dmacets, I would like to respond to your statement: "Right now McCain does not appear to have held the Bush states from 04. McCain has to play defense in VA, IN,MO,NC,FL,OH,NV and maybe even ND,GA and MT. If anybody suggested this scenario at the beginning of this election they would have been laughed out of the tv studio". I don't think it is so strange that some of the southern states (VA, NC, GA) are apparently polling closer this year than usual. They have very high African-American populations, and there is no question that is a motivated demographic this year. The question is whether, ultimately, an increased share of African-American voters will be sufficient to actually flip one or more of those states to the Democratic candidate. On the other hand, some of the traditionally Democratic states, like PA, may be more prone to flipping Republican this year, because of relatively conservative Catholic Democrats who are unwilling to vote for a very liberal Democratic candidate, and who are attracted to a relatively moderate Republican war veteran who is paired with a female Vice-Presidential candidate. It is becoming clear that we are likely to see an unusual alignment of states this year because of these "firsts" running in both parties.

ORyan, you may be correct a... (Below threshold)

ORyan, you may be correct about the numbers of new registrations, but this tells us nothing about the actual vote, given ACORN's fraudulent registrations, which have been heavy in NV, OH, IN and other states currently thought to be toss ups. (The number I heard was 14 states, and in some cases there were more people registered to vote than were eligible to vote.) So if ACORN is only pulling registration fraud, the demographics don't shift as much as the registrations indicate. If they are pulling voting fraud as well, it might be a different story.

There are also the PUMAs. T... (Below threshold)
RPL:

There are also the PUMAs. These are the people who voted for Hillary but won't vote for Obama. I've heard estimates of 10% to 40% of the 18 million will be pulling the lever for McCain.

In military terms, this whole situation is "fluid."

DJ,Do you suppose ... (Below threshold)
Baggi:

DJ,

Do you suppose that on the morning of election day we will hear that Obama has already won the election thanks to "exit polls"?

I'm pretty sure this will be the final effort of the Obama campaign at NBC, CBS, ABC, CNN, MSNBC to try and win the election.

First you build the narrative, that Obama is so far ahead it's already over. Then you confirm the narrative as early as possible, thus creating reality.

How do we who want folks to get out and vote on election day across the U.S. get them out to vote when almost for sure something like this is going to happen to keep people at home?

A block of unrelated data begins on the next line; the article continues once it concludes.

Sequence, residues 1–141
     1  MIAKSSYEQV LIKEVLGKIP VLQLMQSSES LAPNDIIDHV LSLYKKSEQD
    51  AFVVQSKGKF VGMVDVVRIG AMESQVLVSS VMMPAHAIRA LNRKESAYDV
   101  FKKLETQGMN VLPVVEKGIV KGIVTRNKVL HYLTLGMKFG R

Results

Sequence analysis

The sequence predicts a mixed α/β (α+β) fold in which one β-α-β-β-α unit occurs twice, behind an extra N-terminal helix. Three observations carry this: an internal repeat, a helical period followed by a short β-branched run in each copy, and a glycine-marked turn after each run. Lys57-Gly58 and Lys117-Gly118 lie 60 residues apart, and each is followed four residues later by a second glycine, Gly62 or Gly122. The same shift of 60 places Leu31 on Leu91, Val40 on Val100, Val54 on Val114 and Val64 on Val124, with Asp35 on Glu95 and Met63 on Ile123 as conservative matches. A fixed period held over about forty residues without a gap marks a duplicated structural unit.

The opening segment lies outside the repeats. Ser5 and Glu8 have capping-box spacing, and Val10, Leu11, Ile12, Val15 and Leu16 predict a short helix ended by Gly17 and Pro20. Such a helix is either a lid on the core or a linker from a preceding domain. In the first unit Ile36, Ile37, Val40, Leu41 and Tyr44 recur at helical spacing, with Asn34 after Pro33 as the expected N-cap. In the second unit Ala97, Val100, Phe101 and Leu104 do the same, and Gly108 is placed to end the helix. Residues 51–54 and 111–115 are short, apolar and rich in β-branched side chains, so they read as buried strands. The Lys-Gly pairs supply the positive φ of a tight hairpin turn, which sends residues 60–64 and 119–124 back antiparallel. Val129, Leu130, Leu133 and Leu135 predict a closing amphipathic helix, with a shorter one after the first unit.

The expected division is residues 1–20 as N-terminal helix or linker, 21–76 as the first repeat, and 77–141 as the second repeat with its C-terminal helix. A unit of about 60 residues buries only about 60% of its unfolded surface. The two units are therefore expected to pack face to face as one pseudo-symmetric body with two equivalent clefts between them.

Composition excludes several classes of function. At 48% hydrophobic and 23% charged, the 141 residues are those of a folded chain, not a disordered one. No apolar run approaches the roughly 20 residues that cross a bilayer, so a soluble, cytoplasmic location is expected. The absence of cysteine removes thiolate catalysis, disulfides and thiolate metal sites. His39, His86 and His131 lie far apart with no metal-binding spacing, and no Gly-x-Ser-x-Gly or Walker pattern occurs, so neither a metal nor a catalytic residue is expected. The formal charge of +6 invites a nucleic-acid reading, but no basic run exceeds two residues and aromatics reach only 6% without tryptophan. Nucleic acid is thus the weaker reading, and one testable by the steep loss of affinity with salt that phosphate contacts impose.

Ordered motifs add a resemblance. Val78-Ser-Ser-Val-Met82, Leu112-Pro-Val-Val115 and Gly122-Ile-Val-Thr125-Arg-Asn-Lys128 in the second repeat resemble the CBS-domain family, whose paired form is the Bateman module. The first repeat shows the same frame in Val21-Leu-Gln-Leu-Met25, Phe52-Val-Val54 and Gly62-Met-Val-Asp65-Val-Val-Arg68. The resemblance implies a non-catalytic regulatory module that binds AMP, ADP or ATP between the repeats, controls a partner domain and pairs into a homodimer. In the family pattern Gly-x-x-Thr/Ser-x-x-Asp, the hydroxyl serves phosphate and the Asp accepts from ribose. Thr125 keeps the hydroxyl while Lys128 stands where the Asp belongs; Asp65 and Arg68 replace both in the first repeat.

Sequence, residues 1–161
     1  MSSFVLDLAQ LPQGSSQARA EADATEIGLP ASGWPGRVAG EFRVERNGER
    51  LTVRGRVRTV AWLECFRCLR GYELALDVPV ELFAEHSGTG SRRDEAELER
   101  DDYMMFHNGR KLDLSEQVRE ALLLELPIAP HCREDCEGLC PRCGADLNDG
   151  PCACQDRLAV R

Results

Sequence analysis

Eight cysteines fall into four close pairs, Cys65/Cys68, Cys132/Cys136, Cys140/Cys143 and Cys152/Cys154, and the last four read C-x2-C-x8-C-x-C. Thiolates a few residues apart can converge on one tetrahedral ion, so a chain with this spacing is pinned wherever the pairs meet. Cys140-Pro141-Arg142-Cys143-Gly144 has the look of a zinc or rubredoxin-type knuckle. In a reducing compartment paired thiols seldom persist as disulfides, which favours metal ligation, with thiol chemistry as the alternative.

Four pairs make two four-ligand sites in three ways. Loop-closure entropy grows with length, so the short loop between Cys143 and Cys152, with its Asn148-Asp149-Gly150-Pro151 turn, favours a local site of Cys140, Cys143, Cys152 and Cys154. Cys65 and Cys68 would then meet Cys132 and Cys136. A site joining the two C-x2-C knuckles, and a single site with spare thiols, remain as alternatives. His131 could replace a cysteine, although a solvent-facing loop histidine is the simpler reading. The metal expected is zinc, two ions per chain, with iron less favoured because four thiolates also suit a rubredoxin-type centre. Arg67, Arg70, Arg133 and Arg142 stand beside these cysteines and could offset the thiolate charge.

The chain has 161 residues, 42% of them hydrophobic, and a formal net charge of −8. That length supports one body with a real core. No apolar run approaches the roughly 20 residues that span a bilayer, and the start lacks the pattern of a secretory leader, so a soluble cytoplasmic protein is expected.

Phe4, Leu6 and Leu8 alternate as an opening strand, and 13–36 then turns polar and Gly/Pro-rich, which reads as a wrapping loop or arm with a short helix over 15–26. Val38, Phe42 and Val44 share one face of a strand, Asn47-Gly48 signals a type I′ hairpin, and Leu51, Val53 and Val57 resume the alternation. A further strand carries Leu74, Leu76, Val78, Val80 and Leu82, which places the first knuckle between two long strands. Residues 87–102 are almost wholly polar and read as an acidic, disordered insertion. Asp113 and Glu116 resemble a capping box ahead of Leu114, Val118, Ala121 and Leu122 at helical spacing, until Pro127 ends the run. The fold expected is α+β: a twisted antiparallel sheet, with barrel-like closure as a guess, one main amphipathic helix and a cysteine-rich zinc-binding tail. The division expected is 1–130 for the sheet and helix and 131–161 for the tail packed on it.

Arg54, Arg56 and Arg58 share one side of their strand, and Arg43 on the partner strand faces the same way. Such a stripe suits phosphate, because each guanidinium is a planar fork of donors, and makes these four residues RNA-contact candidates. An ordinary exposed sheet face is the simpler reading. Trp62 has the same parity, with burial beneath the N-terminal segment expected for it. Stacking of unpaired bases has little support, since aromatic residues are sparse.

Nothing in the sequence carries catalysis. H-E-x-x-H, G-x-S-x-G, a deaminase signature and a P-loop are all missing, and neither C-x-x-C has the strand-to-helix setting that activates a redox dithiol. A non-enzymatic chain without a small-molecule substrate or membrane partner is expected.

Just like the Florida pan handle in 2000.

I think it WILL play exactl... (Below threshold)
getaclue:

I think it WILL play exactly like the woman who claimed to have been assaulted by tall black man at her ATM.

Except..

she has confessed to making up the entire story
http://kdka.com/

Oopsie!

I'm with Hestrold on this. ... (Below threshold)
Laszlo Toth, Jr.:

I'm with Hestrold on this. I can see how one can be a conservative. I can see how one can be a Republican. But ever since Republicans have gotten into this whole, "My party, right or wrong, and the facts and the country be damned," attitude that arrived with George W. Bush, I don't see how one can be both.

I was a McCain supporter in 2000. To see him throw away almost every single policy of that campaign, to please the extremely narrow "base" -- minor things like duty, honor, country, secular government, obedience to the constitution, reasonable fiscal policy, force as a last resort, small things like that -- has been heartbreaking.

In almost every respect worth talking about, the Democrats have become more conservative than the Republicans. Reagan, Goldwater, and Eisenhower wouldn't recognize today's party -- and probably wouldn't be allowed in.

Reagan's questions from 1980 are just as applicable today as then: "It might be well if you ask yourself are you better off than you were four years ago? Is it easier for you to go and buy things in the stores than it was four years ago? Is there more or less unemployment in the country than there was four years ago? Is America as respected throughout the world as it was? Do you feel that our security is as safe? That we're as strong as we were four years ago? And if you answer all of those questions yes, why then I think your choice is very obvious as to who you'll vote for. If you don't agree, if you don't think that this course that we've been on for the last four years is what you would like to see us follow for the next four, then I could suggest another choice that you have."

McCain is right: Americans are being asked to make a risky choice, on someone untested, flighty, and prone to anger at the drop of a hat.

Fortunately, Barack Obama is available as a conservative alternative to that un-American radicalism.

And the fact that Hestrold and I clearly exist, in a thread all about skepticism over whether the Republican Party has drifted so much into the far right as to kick Reagan conservatives such as myself out...

Well, I think it speaks volumes about who's making bad assumptions as to what's happening in the real world. And it ain't on the part of the pollsters.

Polls are stupid and any on... (Below threshold)
Mr Bill :o:

Polls are stupid and any one using polls to justify anything is lazy and dishonest
That is all.

It don't matter if you a co... (Below threshold)
williewill:

It don't matter if you a conservative, republican, or even a moderate when the clear choice is mccain and lower taxes to obama and higher taxes. polls are always heavy leans toward democrats and this year seems to be even more so. too bad the results are less favorable toward democrats (cough) if they lose they will be so disapointed.